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Sung Yoon

United Kingdom, London

Nearby cities to travel to outside of London, UK?

Where are other close cities outside of London that are worth visiting? I've been to London several times and this time I'd like to travel to close cities outside of London. 


15 Answers

top answer by
Alex from London

Hi Sung, 

Wow, you have so many options!!! First off, just remember that rail travel in the UK is super easy and quite affordable (nationalrail.co.uk). National Express buses (and others) also cover close by destinations comfortably... albeit the bus takes longer. 

Where to go really depends on your activity and travel preferences. Below are a few options but if you give me a better idea of interests I am happy to suggest others. 

Kew Gardens (tube accesible) 

Okay, technically still very much in London, but often overlooked. Kew is a sleepy residential neighborhood dominated by the UNESCO inscribed Royal Botanical Gardens. Well worth a visit on a sunny day. 

Richmond (tube accessible) 

A royal borough of greater London, Richmond is a stunning neighborhood along the river Thames. It has great little boutiques, tea shops and fab historical pubs by the water. Moreover Richmond Park is a vast green space and boasts it's own herds of wild deer. The Old Deer Park is the closest thing to a true wilderness in London.

Windsor Castle (train 1hr)

Just in the outskirts of London, Windsor is one of the official residences of of the Queen. The city is dominated by its ancient 11th century fortress and castle, the city along the Thames is a historical delight, charming and inviting, easily visited on foot. Perfect for a day trip, rain or shine!


Hampton Court Palace (train 1hr)

One of Henry VIII palaces and very well preserved in its Tudor grandeur, Hampton Court will keep any history buff excited throughout the day. For me though, the real gem are the vast palace grounds, perfectly manicured and sculpted gardens tamed by expert gardeners, this is the perfect place in which to indulge on a summer picnic.

Brighton (England) (train 1hr)

The seaside university town of Brighton is a vibrant city that mixes the charm of an 19th century bathing sea resort with a creative modern hub. The city is a delight for any architecture buff, the Royal Pavilion alone will impress with its strange interpretation of Mughal styles. Yet the large student populations keeps the environment young and innovative, Brighton is an important arts hub and hosts the largest arts festival in England. Last but not least, the large stretches of sandy beaches make this city a favourite among summer revelers.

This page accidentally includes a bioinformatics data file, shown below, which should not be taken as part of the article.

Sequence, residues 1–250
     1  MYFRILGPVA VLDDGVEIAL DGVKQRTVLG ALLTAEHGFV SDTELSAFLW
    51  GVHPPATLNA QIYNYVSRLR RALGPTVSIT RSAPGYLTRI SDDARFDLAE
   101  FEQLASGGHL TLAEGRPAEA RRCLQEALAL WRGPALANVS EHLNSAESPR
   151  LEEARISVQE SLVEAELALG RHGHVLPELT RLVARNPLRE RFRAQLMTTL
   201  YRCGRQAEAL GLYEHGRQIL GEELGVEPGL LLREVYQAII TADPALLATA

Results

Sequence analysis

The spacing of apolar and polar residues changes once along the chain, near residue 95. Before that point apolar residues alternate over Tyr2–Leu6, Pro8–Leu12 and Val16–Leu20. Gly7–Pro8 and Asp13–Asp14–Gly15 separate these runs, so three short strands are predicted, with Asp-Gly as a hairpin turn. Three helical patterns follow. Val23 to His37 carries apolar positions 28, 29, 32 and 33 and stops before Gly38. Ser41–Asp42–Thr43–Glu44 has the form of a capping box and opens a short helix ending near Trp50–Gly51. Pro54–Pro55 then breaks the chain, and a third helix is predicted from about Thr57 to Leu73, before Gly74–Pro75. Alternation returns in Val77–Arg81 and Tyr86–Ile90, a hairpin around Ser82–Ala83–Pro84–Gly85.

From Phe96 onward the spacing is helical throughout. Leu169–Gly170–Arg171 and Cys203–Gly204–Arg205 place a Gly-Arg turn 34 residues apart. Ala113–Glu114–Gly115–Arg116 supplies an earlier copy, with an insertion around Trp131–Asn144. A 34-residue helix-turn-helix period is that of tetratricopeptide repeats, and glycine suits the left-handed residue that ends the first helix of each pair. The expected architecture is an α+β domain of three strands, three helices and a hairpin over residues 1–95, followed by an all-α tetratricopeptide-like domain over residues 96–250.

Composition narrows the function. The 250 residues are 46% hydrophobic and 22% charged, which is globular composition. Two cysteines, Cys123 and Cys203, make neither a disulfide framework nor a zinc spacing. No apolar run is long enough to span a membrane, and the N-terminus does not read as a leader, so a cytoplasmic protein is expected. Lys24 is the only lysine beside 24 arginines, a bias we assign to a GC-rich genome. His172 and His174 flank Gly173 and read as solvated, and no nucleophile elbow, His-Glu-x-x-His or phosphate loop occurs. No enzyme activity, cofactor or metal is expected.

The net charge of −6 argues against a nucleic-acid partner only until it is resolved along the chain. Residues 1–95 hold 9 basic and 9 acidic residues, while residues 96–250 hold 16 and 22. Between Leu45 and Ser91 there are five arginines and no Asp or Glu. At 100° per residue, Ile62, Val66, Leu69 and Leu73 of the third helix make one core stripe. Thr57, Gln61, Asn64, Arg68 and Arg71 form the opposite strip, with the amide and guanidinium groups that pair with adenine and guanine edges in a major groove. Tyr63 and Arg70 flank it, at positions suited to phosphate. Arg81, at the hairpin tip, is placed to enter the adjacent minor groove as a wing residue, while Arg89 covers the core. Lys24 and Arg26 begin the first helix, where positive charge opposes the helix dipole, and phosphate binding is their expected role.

Cambridge (England) (train 1hr)

Arguably the most awe-inspiring university town in Europe (alumni of Oxford, Lucca, Coimbra, Leuven, Toulouse, etc will have to forgive my bias), Cambridge is the perfect day visit from London's Kings Cross.

The architecture in the old colleges is sure to impress as much as the history of knowledge and genius nurtured there -- this is, afteral, a town where one may in fact run into Stephen Hawkins. If museums are your thing, then the Sedgwick, Fitzwilliam and Scott Polar will keep you enthralled. Steeped in 800 years of tradition, it is no surprise that afternoon tea can be had in excellent establishments across town yet it is unexpected to find such a concentration of delicious restaurants including a Michelin Starred Alimentum. 

The one thing one must not miss out on is punting in the river Cam, at the College Backs. This is a rather flat version of a gondola ride but you can take your own punt for a ride, if you have the right balance ;)

Salisbury (England) (train 2hrs)

Most tourists pop into Salisbury to catch a tour to nearby Stonehenge. But the city itself is an impressive site, continuously inhabited throughout history from the Neolithic, Roman occupation (Old Sarum) to its Medieval heyday as one of the main market towns in England. The Cathedral dominates the town, a stunning and complete example of the English Gothic and the charming gardens by the river avon make for a relaxing end of day stroll.

Bristol (train 2hrs)

A stunning industrial era city, Bristol is the sixth largest urban area in England. A good sized city that mixes all the amenities of a major metropolitan area with old town manners and charm. As Bristol fully emerged as a great port on the Severn Estuary during the Industrial Revolution, it keeps its engineering routes as a major player in the aerospace and tech industries. However, it gains a unique perspective from its strong creative and media sectors, a unique mix of science and arts. If you are looking for history, culture and excellent food, Bristol combines all three.


Bath (train 2 hrs)

One of the most charming day trips from London, Bath is a veritable living museum town. Made famous by its manicured Victorian urban planning and architecture, the city has a history that dates back to the height of the Roman Era, its name comes from the elaborate Roman spas that are still functional and open to visitors. This is a place to visit slowly, leisurely, to be enjoyed in a bygone pace and, once filled with history and sights, you can get fat on some excellent fare from the city's buzzing restaurant scene.


I hope this give you plenty of options for your upcoming trips!


Mentioned in this answer:

  1. Kew Gardens (attraction)
  2. Richmond (neighborhood)
  3. Old Deer Park (attraction)
  4. Windsor Castle (attraction)
  5. Hampton Court Palace (attraction)
  6. Brighton (England) (city)
  7. Cambridge (England) (city)
  8. Salisbury (England) (city)
  9. Stonehenge (attraction)
  10. Bristol (city)
  11. Bath (city)
4 thankscomments (2)


answered by
Alex from London

Cambridge (England)and Oxford are a must! You can get a quick train to Cambridge from King's Cross station and the 'Oxford Tube' to Oxford which is a bus from nearby Victoria Station!


Mentioned in this answer:

  1. Cambridge (England) (city)
  2. Oxford (attraction)
  3. King's Cross station (attraction)
  4. Victoria Station (attraction)
3 thankscomments (1)


answered by
Grant from Chicago

Bath is totally worth it. 


Mentioned in this answer: